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Topic Title: Testing portable RCDs
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Created On: 18 June 2011 02:42 pm
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 18 June 2011 02:42 pm
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insafehands

Posts: 57
Joined: 21 January 2009

Hi,

When carrying out testing to verify trip times on a plug-in RCD adaptor or RCD protected extension lead I have encountered the following problem.

Pluging the RCD into a mains socket then the tester into the RCD and starting the test sequence trips the the Consumer Unit RCD protection for the circuit as well as the plug-in RCD adaptor. Althougth this is not a huge problem it is very inconvieniant as any appliances connected to the RCD protected circuit loose power.

I would have thought that the plug-in RCD adaptor would trip first before the Consumer Unit RCD!

What is the best procedure to follow?

Regards

Kev
 18 June 2011 02:52 pm
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Phoenix151

Posts: 103
Joined: 14 February 2007

As they are both (likely) 30mA devices then they are both likely to trip together, or whichever one happens to be marginly faster will go first.

In order to test rcds in series like this, you should put your earth probe from your rcd tester on the *neutral* before the rcd under test, rather than the earth... so that an inbalence is created only in the RCD you want to test.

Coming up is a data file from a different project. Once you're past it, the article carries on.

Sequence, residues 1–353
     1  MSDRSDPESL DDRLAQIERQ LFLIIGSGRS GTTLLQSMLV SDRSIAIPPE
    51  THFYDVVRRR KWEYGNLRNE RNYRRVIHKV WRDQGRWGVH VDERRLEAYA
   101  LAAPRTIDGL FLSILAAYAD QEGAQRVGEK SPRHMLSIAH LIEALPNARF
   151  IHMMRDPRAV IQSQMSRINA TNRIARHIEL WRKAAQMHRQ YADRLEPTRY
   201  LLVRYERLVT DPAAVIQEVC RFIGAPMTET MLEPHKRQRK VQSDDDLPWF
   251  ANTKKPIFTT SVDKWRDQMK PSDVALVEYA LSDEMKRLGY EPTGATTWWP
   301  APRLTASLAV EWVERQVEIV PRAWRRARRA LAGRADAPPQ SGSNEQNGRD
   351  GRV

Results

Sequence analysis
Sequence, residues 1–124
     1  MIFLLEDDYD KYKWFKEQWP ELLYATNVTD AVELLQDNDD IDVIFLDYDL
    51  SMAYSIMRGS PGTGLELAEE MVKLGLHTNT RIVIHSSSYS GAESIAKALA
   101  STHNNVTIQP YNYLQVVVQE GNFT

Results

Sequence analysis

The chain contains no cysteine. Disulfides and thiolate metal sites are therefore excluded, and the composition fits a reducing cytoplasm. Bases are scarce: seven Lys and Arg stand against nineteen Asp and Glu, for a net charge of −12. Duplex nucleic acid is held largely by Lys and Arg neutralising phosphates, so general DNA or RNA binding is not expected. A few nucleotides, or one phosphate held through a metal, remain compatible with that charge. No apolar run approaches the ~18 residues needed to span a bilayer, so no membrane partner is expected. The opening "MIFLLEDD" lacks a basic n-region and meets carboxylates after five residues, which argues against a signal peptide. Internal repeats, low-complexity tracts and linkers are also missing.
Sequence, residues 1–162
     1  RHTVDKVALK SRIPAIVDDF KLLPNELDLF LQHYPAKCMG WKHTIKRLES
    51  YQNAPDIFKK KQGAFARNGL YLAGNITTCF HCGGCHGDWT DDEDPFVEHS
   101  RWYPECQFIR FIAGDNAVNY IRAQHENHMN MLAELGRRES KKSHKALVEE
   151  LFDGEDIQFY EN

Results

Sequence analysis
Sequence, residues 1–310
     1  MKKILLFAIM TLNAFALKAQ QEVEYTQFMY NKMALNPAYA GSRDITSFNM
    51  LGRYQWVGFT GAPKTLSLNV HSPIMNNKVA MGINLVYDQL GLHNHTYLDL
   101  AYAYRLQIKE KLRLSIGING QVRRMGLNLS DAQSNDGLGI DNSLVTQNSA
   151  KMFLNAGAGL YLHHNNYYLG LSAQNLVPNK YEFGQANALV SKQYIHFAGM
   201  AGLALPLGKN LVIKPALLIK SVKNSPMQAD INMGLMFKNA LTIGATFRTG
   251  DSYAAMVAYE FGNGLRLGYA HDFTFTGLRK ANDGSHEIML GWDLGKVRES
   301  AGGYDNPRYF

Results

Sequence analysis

The practical application of this to an rcd ext lead may involve a BS1363 breakout plug or two...
 19 June 2011 12:25 am
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deleted_1_Grizzly01

Posts: 250
Joined: 21 February 2008

or just get one of these:

Seaward NTB-1
 19 June 2011 12:29 am
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sparkingchip

Posts: 11682
Joined: 18 January 2003

So is that a fancy job with a transformer in it, or just a box with a earth/ neutral link in it?

Andy
 19 June 2011 07:30 am
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ebee

Posts: 6735
Joined: 02 December 2004

"or just a box with a earth/ neutral link in it? "

Hardly, would trip yer circuit RCD, wouldn't it?

Actually it depends on what you mean by that.
If you mean that incoming L = outgoing L and Incoming N = outgoing N and the outgoing N linked also to outgoing E then, I think, that should work as an RCD tester socket but would be dangerous if ever used to plug an appliance into.

My guess is (the name helps) that it's an isolating transformer and at the output one pole is used as L and the other pole as both N & E and a warning not to be used for appliances

-------------------------
Regards,
Ebee (M I S P N)

Knotted cables cause Lumpy Lektrik
 20 June 2011 12:56 pm
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AJJewsbury

Posts: 17795
Joined: 13 August 2003

If you mean that incoming L = outgoing L and Incoming N = outgoing N and the outgoing N linked also to outgoing E then

My box of test kit has a plug & socket wired up exactly like that - with a suitably large warning label on it. I made it up so I could run 25A loop test on a known socket for periodic checking of my loop tester without tripping the circuit's RCD - but it works just as well to "isolate" RCDs.

- Andy.
 20 June 2011 03:16 pm
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ebee

Posts: 6735
Joined: 02 December 2004

Does not even trip the 10mA RCD before it.
Not that I'm admitting that I made such a thing without an isolating transformer in a lock up cupboard purely for comparing loop testers of course

-------------------------
Regards,
Ebee (M I S P N)

Knotted cables cause Lumpy Lektrik
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